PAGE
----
Pakistan Humanitarian Response Plan For COVID-19 Pandemic 2020
IMPACT OF COVID-19
Immediate health impacts on people and systems
The Pakistan Humanitarian Response Plan For COVID-19 Pandemic 2020 was finalized on 22 May 2020. The biggest humanitarian need is the protection of health workers to ensure they can combat the pandemic and continue to provide essential health care services. The closure of all hospitals and health facilities, except for emergency services, has hampered the continuation of immunizations, preventive health care, pre- and post-natal care and care for other co-morbidities.
Nutrition programmes have suffered due to the outbreak, leaving over 200,000 pregnant and lactating women and 400,000 children among the most vulnerable in need of regular nutrition support in drought affected areas.
Pakistan is the fifth most populous country in the world with 220 million people and the seventh most affected on the list of countries impacted by climate change. The most vulnerable populations expected to be disproportionally affected by the health and non-health impacts of COVID-19 total 6.65 million people which include Afghan refugees, IDPs and returnees, undocumented Afghans and people affected by natural disasters. The pre-existing vulnerabilities of such groups are further aggravated by related stressors, including family anxieties and the disruption of income generation due to physical distancing.
Indirect impacts on people and systems
Containment measures and movement restrictions are devastating the economy. Estimates indicates that Gross Domestic Product (GDP) will drop by 4.64 per cent, followed by a subsequent increase in the number people living below the poverty from 50-60 million to 125 million.
A quarter of the population, some 53 million people, lives below the national poverty line and 84 million people are multi-dimensionally poor. An estimated 40-62 million people are persistently and chronically vulnerable to food insecurity while also being exposed to natural hazards. These populations are at risk of falling into increased food insecurity requiring a scaled-up response by humanitarian partners through both in-kind and cash modalities.
Women and children from the disadvantaged households, homebased workers, domestic workers, daily wage earners (small shops, self-employed persons and families) and especially pregnant women, are among the most impacted during this pandemic. All educational facilities will remain closed until at least the end of May 2020, resulting in major disruptions to learning.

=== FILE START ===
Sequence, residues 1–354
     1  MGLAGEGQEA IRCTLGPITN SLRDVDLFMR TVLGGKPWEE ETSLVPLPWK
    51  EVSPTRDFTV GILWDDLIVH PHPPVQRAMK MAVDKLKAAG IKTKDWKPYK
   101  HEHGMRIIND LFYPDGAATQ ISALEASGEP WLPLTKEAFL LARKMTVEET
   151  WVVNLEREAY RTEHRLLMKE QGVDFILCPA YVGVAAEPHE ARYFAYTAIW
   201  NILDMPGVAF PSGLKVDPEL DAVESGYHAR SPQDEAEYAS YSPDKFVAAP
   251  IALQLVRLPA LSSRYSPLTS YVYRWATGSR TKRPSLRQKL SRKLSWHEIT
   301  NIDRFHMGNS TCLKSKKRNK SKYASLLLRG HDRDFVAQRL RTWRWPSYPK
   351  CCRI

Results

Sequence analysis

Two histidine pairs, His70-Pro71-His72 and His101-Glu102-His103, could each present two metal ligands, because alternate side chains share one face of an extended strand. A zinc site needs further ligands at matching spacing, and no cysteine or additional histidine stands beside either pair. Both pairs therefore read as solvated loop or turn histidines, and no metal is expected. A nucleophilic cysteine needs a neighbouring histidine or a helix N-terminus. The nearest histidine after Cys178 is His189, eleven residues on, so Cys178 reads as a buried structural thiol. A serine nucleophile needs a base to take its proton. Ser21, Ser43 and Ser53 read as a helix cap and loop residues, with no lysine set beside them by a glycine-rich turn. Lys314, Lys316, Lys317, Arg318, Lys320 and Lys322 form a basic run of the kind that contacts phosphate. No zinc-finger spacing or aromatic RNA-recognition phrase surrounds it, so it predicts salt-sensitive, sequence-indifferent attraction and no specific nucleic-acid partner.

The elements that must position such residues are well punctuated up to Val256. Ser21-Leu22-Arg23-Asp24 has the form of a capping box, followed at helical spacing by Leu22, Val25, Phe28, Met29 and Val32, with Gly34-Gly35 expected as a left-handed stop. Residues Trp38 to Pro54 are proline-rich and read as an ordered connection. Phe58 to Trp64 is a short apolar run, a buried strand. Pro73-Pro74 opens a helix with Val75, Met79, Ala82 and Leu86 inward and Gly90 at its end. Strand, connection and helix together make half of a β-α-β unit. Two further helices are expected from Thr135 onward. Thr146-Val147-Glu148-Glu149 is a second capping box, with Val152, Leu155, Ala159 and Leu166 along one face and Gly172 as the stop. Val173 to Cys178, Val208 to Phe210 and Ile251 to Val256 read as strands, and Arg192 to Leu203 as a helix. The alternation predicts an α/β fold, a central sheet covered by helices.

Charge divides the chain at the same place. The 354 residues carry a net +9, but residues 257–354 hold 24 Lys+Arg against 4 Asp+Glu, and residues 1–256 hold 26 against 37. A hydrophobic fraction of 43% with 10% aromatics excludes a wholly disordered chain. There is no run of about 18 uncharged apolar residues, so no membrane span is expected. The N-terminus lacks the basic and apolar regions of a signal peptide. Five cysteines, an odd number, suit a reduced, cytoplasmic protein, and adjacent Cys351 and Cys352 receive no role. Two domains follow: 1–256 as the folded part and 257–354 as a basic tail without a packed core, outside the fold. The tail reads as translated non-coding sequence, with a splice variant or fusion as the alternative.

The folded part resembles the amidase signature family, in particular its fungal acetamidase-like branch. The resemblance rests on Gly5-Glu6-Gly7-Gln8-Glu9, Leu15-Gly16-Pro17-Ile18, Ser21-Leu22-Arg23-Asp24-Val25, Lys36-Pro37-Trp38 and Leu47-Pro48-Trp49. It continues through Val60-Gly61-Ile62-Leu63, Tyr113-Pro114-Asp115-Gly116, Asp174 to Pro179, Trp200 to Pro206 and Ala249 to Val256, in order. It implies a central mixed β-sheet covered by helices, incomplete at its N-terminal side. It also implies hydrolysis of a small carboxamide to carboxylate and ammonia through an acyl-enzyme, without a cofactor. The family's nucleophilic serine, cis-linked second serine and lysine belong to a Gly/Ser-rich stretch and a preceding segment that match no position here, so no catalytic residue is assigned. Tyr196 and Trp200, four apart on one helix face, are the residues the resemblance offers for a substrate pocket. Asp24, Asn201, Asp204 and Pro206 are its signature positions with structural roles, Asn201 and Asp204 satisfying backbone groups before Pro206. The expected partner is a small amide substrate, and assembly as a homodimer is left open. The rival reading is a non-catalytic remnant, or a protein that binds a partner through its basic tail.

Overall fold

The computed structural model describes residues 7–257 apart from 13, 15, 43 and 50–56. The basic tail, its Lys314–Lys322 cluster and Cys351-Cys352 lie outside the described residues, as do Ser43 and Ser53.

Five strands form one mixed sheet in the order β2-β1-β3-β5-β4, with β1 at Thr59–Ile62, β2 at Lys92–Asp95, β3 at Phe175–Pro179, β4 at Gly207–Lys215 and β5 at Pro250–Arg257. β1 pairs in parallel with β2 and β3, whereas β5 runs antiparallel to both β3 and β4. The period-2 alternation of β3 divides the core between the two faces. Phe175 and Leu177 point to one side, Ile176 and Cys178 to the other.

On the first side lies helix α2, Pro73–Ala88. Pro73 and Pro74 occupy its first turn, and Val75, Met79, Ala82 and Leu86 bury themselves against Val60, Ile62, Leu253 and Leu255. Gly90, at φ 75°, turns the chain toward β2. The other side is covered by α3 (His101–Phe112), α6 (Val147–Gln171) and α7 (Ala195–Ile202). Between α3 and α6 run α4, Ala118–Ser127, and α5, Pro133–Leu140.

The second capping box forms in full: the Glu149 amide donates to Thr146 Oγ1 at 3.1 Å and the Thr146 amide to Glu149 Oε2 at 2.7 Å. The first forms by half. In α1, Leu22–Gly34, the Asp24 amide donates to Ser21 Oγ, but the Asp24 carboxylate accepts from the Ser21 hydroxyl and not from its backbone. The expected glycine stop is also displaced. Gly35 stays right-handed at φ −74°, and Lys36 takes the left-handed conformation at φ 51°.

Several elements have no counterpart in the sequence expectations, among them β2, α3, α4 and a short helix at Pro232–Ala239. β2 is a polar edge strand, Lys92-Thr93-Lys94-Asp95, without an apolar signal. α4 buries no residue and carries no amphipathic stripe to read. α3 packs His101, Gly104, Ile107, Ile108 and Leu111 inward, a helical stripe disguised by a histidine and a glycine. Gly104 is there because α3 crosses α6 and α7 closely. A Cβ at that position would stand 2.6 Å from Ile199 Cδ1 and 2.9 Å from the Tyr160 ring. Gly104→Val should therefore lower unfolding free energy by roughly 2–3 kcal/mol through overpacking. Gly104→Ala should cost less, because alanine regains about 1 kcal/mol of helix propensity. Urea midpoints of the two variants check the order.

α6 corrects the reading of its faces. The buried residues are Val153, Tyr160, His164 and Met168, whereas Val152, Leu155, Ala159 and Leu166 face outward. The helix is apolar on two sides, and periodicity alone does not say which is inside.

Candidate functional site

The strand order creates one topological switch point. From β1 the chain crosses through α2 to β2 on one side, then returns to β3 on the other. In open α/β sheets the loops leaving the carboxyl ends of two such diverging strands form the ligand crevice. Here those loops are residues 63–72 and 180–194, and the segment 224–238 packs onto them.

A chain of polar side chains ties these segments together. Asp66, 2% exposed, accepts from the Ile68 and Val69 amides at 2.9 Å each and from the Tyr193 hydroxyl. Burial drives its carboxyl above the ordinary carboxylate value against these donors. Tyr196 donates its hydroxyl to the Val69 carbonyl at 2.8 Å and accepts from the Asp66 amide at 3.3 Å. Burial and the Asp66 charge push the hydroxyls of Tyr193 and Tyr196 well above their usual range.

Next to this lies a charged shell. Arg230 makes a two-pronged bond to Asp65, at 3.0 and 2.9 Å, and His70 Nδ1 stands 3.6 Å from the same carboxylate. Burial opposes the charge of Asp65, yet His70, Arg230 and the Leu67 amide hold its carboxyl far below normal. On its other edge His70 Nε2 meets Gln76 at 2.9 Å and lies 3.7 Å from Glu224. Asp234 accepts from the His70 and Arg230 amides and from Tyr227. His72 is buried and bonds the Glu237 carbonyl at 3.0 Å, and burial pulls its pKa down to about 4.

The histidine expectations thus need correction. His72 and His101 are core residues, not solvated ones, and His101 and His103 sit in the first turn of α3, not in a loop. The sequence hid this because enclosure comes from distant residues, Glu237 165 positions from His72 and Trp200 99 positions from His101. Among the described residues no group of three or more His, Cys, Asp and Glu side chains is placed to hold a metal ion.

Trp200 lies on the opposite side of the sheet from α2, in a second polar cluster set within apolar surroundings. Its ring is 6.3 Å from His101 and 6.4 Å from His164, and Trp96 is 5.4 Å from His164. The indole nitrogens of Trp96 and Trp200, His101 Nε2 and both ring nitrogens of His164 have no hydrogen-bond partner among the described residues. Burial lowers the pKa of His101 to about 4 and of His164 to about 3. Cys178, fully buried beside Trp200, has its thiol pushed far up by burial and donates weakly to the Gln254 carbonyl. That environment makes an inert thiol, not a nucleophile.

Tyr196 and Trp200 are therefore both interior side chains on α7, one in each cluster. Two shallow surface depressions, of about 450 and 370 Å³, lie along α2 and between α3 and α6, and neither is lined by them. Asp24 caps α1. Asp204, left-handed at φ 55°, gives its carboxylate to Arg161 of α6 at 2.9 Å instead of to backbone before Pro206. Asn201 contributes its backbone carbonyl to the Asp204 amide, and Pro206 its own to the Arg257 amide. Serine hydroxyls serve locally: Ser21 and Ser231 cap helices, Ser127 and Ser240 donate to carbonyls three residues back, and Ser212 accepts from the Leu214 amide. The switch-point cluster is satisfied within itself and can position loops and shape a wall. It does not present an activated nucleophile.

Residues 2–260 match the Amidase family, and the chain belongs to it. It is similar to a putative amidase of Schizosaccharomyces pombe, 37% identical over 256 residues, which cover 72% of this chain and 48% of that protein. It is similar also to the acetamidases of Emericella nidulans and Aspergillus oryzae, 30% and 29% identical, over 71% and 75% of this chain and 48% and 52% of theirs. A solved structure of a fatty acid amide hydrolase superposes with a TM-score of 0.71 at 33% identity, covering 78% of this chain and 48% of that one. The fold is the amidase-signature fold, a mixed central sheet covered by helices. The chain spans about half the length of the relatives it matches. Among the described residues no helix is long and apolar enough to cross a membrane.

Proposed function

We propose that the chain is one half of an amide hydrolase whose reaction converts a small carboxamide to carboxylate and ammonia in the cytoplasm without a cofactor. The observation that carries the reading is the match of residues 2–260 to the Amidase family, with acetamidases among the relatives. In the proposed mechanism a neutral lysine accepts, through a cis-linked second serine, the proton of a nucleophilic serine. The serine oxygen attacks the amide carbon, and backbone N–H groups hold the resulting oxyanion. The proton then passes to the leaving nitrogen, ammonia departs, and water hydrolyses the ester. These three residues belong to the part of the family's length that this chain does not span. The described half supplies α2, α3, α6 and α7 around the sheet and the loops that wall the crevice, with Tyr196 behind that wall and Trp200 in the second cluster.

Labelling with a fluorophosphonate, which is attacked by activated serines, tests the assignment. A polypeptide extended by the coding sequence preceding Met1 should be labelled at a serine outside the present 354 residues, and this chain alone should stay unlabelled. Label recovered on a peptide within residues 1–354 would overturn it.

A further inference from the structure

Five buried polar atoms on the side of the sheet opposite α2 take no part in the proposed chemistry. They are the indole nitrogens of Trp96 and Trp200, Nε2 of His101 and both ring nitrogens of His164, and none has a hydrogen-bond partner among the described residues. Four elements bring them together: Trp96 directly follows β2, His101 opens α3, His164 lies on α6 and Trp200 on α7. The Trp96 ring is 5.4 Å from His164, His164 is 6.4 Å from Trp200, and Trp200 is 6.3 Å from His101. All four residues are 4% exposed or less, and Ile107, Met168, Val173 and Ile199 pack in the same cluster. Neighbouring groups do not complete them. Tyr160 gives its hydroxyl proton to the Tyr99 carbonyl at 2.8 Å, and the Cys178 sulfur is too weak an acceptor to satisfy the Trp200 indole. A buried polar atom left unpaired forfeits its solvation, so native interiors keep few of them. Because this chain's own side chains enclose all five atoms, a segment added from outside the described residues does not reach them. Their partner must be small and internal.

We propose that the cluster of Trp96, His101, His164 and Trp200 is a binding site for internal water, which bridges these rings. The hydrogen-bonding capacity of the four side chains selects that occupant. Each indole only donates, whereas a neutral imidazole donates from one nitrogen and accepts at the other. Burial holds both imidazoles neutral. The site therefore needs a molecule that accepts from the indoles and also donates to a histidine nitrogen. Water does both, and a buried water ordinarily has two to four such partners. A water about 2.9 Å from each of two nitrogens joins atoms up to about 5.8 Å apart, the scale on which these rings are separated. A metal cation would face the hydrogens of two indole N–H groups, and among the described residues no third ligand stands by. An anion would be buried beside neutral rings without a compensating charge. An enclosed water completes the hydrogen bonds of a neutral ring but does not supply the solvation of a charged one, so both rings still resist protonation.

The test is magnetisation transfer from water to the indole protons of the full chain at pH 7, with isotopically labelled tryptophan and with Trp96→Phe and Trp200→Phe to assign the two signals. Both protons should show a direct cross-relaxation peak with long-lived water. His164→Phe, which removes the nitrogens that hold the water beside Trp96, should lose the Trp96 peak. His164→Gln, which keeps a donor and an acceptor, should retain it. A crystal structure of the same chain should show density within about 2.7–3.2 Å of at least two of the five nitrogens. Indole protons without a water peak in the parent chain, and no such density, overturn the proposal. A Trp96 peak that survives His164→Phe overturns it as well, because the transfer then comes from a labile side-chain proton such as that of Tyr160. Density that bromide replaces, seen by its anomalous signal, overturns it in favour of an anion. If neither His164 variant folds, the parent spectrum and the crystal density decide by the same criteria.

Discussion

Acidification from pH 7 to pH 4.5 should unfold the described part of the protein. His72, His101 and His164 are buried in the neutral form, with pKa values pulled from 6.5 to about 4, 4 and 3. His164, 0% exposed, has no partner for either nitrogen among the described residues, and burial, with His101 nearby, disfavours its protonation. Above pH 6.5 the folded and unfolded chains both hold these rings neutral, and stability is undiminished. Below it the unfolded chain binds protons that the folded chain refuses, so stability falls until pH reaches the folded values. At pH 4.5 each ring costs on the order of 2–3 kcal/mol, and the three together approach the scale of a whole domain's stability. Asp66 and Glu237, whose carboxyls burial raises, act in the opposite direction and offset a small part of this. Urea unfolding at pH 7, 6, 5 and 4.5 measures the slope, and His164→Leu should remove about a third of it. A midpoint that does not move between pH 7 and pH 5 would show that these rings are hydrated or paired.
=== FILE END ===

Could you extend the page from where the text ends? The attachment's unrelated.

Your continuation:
Response priorities and challenges
Priorities and early achievements
Through COVID-19 National Action Plan, the Government is taking a two-pronged strategy: prioritizing efforts to contain and mitigate the spread of the virus and address the secondary humanitarian and socio-economic impacts, which is linked to the HCT’s integrated Humanitarian Response Plan to address the humanitarian impact of COVID-19 on the most vulnerable. The plan aims to target 5.6 million people through to the end of the year.
The UN health response has been aligned with the pillars of the WHO’s Strategic Preparedness and Response Plan. Examples of activities include:
Developed and shared information, education and communication material (IEC) material on physical distancing and orientation guidelines for frontline workers in local languages in all provinces.
Collaborating with the Polio Eradication Initiative (PEI) to use thousands of polio health workers to maintain and strengthen routine immunization.
Advocating for specific quarantine arrangements and services for women and girls and inclusion of refugees in social protection programs.
Development of an Infection Prevention and Control (IPC) strategy that includes the training of over 10,000 health workers, provision of materials and other supplies and conducting IPC assessments at over 200 health facilities and quarantine sites.
Challenges and impact to operations
Nationally led health responses have suffered from several challenges: isolation and quarantine facilities are inadequate in number and they lack human resources, technical expertise, supplies and equipment.
The disease surveillance system is weak; e.g. the Severe Acute Respiratory Illness/ Influenza Like Illness (SARI/ILI) sentinel surveillance, which could be used in this pandemic, is not fully functional. Sexual and reproductive health service delivery is expected to be severely impacted, contributing to a rise in maternal and newborn mortality.
From a humanitarian standpoint, the COVID-19 response is taking place in the context of climate vulnerabilities and a refugee response: a series of climatic shocks combined to make those already facing social exclusion and vulnerability due to poverty and displacement, more acutely vulnerable to the virus and its impacts.